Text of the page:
Trend Lines: The Importance of Play for Raising Independent Kids

Winter 2024

By Peter Gray, Lenore Skenazy

This article appeared as "Play More" in the Winter 2024 issue of Independent School.

The stats about children’s mental health are sobering. In 2019, before COVID-19, the Centers for Disease Control and Prevention (CDC) conducted a large, demographically balanced survey that revealed 36.7% of teenagers (ages 14–18) had, over the previous year, experienced persistent feelings of sadness and hopelessness; 18.8% had seriously considered suicide; 15.7% had made a suicide plan; 8.9% had attempted suicide one or more times; and 2.5% had made a suicide attempt requiring medical treatment. 

It was reports like this that in 2021 led the American Academy of Pediatrics, American Academy of Child and Adolescent Psychiatry, and Children’s Hospital Association to declare child and adolescent mental health a “national emergency.” Although the recent news headlines might make it seem like the mental health problem among kids and teens is new, it’s not. Rates of anxiety and depression in children and teens have been trending gradually upward since about 1950.

While children’s mental health has been plummeting over the past several decades, opportunities for them to engage in unsupervised activities outside the home, such as playing, working at a part-time job, or taking public transportation, have also dropped significantly. Free neighborhood play, where children organize their own games, has largely been replaced by adult-directed sports. 

Good intentions—by parents, educational systems, and society at large—may have motivated the changes that led children to play less and depend more on the adults around them. As an increased focus on academic performance led to more time in school and doing homework, kids had less recess and outdoor time. The desire to protect children from all possible dangers has led to children’s increased time at home or in adult-run activities. But good intentions have seriously hampered children’s abilities to develop the resources required to face life with equanimity. As the culture has increasingly restricted when and where kids can play and roam on their own, the mental health repercussions have been ugly.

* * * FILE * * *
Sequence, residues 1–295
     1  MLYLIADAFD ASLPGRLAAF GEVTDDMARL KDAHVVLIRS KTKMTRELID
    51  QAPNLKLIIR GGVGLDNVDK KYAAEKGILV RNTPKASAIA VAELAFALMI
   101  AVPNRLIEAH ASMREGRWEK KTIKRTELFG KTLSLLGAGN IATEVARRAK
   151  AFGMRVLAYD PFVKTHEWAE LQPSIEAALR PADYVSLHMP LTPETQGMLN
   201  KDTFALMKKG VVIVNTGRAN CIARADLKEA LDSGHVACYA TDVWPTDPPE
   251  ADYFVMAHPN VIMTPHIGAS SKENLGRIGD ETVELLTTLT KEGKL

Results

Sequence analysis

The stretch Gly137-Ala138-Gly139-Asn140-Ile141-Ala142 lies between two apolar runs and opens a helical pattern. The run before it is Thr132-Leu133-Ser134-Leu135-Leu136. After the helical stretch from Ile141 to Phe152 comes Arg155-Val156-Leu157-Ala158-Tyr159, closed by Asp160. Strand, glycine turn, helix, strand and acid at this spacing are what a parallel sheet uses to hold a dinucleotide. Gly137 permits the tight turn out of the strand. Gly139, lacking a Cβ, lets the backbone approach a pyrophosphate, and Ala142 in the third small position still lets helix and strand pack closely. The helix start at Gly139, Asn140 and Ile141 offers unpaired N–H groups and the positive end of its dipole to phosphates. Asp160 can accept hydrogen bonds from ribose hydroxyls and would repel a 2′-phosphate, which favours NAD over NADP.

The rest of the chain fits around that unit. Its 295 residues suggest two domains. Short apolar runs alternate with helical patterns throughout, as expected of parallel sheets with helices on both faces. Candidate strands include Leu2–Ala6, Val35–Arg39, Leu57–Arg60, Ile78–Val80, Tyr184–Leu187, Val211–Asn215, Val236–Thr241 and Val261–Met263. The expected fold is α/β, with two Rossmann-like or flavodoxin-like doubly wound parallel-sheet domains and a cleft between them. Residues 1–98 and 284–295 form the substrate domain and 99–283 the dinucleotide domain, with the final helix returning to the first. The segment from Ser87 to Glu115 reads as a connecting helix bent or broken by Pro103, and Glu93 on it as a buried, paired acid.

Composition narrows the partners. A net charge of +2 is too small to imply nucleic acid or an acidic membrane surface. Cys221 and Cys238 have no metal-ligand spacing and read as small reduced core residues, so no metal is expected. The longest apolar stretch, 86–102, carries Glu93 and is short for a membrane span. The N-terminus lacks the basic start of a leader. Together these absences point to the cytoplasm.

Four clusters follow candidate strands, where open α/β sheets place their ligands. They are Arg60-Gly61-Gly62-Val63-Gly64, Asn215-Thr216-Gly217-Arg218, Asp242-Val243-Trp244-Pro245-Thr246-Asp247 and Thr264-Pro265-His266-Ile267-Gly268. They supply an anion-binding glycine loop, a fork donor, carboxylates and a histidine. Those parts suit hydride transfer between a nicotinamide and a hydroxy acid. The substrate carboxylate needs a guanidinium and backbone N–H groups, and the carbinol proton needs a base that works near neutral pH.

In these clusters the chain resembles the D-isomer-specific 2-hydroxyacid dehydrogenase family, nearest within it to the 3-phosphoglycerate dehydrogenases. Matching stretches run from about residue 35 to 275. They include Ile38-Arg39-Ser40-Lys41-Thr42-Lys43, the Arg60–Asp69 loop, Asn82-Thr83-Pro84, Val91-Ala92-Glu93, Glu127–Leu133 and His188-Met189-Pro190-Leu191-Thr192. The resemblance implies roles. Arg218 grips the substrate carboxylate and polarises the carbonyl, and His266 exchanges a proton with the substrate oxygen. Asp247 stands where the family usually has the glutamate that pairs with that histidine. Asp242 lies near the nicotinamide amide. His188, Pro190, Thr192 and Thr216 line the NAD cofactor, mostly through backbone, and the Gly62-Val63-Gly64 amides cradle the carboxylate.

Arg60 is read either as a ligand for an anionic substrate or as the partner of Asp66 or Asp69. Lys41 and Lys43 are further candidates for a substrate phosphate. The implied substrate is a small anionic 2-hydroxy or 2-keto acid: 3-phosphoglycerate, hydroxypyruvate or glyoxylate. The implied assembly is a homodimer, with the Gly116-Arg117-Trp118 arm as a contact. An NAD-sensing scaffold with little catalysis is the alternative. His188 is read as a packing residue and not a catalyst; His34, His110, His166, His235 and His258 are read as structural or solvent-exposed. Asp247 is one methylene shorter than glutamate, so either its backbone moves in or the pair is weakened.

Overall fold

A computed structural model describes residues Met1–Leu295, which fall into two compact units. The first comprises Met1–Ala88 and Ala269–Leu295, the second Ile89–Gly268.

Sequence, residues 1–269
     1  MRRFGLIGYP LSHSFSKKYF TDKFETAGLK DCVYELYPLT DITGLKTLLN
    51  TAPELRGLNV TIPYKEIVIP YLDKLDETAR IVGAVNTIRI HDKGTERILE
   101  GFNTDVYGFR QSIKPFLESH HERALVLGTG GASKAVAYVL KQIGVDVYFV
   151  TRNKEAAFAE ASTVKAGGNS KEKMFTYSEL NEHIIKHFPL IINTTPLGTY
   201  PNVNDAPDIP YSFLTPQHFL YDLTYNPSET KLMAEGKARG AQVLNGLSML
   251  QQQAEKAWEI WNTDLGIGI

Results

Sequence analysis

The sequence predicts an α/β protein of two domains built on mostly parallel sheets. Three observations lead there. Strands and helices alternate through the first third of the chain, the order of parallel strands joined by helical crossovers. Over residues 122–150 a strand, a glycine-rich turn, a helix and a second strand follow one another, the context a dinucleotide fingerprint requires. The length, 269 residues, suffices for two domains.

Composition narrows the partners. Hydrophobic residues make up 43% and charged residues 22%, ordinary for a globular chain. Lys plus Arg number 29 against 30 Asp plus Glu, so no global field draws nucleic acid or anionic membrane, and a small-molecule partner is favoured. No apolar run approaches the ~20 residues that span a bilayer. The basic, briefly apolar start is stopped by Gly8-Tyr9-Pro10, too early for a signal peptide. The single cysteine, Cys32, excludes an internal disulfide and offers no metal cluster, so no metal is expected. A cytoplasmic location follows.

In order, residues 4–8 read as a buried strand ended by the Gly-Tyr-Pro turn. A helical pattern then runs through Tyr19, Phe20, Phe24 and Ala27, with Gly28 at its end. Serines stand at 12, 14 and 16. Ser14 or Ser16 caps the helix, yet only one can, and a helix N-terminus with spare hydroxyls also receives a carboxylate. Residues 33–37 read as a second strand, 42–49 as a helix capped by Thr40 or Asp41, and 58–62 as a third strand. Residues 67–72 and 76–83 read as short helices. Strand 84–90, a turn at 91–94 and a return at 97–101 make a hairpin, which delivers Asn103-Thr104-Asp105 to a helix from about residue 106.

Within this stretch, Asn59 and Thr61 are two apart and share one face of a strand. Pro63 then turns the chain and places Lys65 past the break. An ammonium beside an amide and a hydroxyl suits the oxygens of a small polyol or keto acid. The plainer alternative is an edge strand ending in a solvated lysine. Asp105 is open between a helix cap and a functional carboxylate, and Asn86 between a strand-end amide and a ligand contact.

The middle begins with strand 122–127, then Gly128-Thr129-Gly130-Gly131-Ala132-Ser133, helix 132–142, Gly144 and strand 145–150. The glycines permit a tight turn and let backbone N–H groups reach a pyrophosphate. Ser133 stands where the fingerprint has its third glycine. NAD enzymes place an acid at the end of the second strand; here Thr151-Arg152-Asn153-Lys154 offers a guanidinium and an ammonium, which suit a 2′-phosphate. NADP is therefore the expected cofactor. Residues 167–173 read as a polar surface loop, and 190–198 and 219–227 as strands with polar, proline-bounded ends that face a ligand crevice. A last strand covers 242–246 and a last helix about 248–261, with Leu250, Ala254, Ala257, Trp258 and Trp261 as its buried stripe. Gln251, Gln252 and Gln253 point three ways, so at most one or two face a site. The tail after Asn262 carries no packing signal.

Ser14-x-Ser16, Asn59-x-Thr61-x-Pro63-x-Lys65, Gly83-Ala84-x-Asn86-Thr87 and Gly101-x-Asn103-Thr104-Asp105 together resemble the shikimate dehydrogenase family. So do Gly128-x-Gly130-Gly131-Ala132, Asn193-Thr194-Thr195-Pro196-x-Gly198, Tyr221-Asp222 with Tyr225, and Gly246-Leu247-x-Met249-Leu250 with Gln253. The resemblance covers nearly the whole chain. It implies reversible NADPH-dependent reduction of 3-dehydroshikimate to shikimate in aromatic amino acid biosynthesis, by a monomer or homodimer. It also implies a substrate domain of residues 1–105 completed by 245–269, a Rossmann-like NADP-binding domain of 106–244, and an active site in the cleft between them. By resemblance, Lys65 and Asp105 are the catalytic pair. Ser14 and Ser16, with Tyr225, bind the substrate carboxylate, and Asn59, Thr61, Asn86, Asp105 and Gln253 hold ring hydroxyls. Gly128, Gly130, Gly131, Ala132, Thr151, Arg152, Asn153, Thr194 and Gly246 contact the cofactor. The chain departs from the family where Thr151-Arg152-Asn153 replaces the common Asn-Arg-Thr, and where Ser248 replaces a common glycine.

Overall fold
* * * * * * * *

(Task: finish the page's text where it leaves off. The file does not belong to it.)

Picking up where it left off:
As child independence and free-play advocates who co-founded nonprofit Let Grow, we’ve been tracking the trend of more anxious children and have dedicated our lives to understanding what changes in children’s lives are likely contributing to this. We think we know the answer, or at least a big part of it: Children need more free play and independence. School leaders, who can lead a new generation in a better direction, need to consider the new research on how the decline of these pillars of childhood is contributing to the increase in childhood mental health issues. 

Examining the Evidence 

In a September 2023 article in The Journal of Pediatrics, “Decline in Independent Activity as a Cause of Decline in Children’s Mental Well-being,” Gray and co-authors David Lancy, an anthropologist, and David Bjorklund, a developmental psychologist, summarize and document the evidence that a major cause of the decline in children’s mental health has been a gradual but ultimately huge decline in their opportunities to play, explore, and be part of the world without constant adult oversight. 

In their article, they examine research that shows a strong internal locus of control—the sense of being in control of one’s life and able to solve problems—protects against anxiety and depression. Other research cited in the article has shown, not surprisingly, that as children have been increasingly denied opportunities to control their own activities, their internal locus of control has weakened.

The Pediatrics article also cites research that shows that psychological health depends on three basic psychological needs—autonomy (freedom to choose one’s own activities), competence (being skilled at what one wants to do), and relatedness (having friends). Especially for young children, free play with other children is the primary means of satisfying these needs.

Correlational studies reveal that children who have more time for independent activity score higher on tests of executive functioning, emotional control, social ability, and self-regulation. These all contribute to psychological well-being.